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If you haven't patched WebLogic server console flaws in the last eight days 'assume it has been compromised'

Stark warning from SANS' Johannes Ullrich - RCE's gonna GET 'ya

Last week Oracle released one of its mammoth quarterly patch dumps - with 402 fixes. Well, it turns out that if you missed one and you're running WebLogic,,, and, you've probably already been tagged by hackers.

On Thursday Johannes Ullrich, Dean of Research at the SANS Technology Institute, spotted a massive spike in traffic on research "honeypot" systems as somebody tried to identify public-facing WebLogic servers that weren't patched against CVE-2020-14882. The flaw, with a CVSS score of 9.8, is an "easily exploitable vulnerability" in the application's console that can be targeted over HTTP without user interaction to execute code remotely.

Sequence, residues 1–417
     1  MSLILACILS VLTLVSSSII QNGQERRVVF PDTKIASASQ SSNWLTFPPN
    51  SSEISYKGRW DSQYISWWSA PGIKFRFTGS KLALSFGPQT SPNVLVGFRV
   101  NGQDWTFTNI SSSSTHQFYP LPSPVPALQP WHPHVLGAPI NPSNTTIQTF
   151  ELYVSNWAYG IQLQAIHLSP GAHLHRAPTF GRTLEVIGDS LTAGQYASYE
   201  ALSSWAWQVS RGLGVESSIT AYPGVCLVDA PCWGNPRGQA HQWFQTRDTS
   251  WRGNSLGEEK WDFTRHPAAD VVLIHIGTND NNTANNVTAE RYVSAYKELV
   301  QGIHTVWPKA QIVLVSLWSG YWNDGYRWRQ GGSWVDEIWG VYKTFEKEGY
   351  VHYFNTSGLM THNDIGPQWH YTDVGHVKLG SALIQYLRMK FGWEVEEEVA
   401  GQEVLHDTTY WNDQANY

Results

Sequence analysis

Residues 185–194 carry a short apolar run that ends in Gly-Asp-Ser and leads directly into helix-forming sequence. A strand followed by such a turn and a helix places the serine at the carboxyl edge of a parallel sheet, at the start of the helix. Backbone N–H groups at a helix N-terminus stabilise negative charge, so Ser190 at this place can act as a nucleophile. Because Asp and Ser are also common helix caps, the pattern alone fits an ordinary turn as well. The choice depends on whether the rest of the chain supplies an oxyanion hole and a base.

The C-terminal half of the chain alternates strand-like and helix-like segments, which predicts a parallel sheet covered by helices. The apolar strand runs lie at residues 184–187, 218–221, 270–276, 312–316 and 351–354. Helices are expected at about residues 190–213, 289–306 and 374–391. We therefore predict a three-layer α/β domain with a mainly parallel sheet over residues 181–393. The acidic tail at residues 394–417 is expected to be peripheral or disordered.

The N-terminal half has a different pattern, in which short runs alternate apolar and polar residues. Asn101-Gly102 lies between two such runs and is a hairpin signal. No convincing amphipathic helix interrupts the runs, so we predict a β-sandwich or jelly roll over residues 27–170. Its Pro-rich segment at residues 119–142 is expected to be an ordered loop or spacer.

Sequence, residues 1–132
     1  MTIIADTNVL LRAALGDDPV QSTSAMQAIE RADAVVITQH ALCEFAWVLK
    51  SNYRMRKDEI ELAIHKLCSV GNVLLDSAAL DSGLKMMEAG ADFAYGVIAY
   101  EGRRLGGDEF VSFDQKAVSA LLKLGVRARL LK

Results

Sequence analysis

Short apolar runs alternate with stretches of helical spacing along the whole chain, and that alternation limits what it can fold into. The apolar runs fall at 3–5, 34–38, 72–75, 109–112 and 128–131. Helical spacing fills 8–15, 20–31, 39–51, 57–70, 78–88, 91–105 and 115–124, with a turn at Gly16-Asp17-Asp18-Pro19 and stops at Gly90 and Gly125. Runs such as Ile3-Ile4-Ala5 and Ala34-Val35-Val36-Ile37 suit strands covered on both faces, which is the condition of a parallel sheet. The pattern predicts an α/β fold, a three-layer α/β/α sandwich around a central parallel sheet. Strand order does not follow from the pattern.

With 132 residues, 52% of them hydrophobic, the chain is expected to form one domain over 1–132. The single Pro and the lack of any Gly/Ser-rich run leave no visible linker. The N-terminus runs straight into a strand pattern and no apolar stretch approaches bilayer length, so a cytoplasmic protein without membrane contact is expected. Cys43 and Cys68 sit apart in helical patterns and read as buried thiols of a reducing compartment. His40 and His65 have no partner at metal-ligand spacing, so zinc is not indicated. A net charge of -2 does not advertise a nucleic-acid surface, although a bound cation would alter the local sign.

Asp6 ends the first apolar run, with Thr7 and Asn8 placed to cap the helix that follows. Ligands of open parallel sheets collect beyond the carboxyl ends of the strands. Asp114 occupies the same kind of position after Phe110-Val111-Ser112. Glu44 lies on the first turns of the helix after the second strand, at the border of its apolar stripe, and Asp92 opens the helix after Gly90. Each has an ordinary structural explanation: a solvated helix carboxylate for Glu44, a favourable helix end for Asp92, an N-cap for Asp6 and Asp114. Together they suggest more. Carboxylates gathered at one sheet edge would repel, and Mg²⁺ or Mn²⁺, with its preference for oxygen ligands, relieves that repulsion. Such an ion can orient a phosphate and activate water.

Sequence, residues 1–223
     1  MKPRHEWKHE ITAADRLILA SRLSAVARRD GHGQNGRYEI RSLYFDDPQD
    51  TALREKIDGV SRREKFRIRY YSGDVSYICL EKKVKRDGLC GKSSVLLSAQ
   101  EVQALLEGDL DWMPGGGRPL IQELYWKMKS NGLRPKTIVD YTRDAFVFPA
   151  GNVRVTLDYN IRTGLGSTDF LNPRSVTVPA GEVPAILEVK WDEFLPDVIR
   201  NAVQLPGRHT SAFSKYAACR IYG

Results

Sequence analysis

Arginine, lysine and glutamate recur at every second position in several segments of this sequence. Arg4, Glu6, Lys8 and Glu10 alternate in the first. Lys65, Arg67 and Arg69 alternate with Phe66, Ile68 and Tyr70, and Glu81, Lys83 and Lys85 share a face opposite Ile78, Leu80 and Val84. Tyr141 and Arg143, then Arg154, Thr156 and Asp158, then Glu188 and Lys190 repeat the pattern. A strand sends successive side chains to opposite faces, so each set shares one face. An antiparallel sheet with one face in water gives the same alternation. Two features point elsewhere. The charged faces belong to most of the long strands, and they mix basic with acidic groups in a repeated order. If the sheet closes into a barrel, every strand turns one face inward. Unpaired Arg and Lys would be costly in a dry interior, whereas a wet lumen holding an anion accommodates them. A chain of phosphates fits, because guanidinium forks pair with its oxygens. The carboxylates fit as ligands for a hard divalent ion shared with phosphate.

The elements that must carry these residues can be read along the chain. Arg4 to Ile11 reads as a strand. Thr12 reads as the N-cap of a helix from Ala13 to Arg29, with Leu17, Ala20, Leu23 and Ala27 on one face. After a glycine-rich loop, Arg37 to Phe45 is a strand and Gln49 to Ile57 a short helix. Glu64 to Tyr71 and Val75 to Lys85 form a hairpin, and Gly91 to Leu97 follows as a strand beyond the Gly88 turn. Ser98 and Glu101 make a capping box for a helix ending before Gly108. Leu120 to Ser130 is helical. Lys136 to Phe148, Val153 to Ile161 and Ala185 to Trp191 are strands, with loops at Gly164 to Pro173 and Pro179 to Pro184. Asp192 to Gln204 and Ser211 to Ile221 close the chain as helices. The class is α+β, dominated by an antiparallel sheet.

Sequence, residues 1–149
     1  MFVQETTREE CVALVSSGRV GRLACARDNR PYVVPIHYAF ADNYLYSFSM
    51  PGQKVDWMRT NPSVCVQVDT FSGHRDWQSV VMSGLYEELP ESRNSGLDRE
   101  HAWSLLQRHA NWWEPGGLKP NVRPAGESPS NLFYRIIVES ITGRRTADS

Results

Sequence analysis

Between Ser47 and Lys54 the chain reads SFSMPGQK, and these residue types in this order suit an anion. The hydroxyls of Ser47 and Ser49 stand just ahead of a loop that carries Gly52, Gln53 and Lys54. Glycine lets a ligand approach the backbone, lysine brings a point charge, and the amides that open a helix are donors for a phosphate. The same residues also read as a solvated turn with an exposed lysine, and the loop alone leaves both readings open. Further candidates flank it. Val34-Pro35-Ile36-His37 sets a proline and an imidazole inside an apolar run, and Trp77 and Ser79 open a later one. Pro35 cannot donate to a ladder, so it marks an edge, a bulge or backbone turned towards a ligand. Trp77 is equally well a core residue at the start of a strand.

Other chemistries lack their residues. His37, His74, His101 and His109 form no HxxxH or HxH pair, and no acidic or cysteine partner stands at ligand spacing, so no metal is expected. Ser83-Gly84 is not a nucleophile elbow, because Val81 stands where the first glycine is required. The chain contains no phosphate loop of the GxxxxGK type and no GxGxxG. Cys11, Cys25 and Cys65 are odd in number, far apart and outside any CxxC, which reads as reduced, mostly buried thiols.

Oracle balloons photo via Shutterstock

How much does Oracle love you? Thiiiis much: Latest patch bundle has 402 fixes


"At this point, we are seeing the scans slow down a bit," he explained. But they have reached "saturation," meaning that all IPv4 addresses have been scanned for this vulnerability. If you find a vulnerable server in your network: Assume it has been compromised."

Ullrich said that the exploit code for the Java EE application server code being used appears to be based on information published on Wednesday by someone identified as Nguyen Jang. The post, in Vietnamese, described how to get full access to an unpatched WebLogic server with a single GET request and had a video you can see below:

Youtube Video

All of the exploit attempts originates from four IP addresses, Ullrich said.

  • China Unicom.
  • Linode (U.S.A.)
  • MivoCloud (Moldova).
  • DataCamp Ltd (Hong Kong).

"These exploit attempts are right now just verifying if the system is vulnerable," he said. "Our honeypots (up to now) do not return the "correct" response, and we have not seen follow-up requests yet."

It's possible that this was a simple scan to estimate the total number of vulnerable machines; investigations are ongoing. In the meantime, patch and check all vulnerable machines and get to work on the other 401 fixes - who knows which one is next? ®

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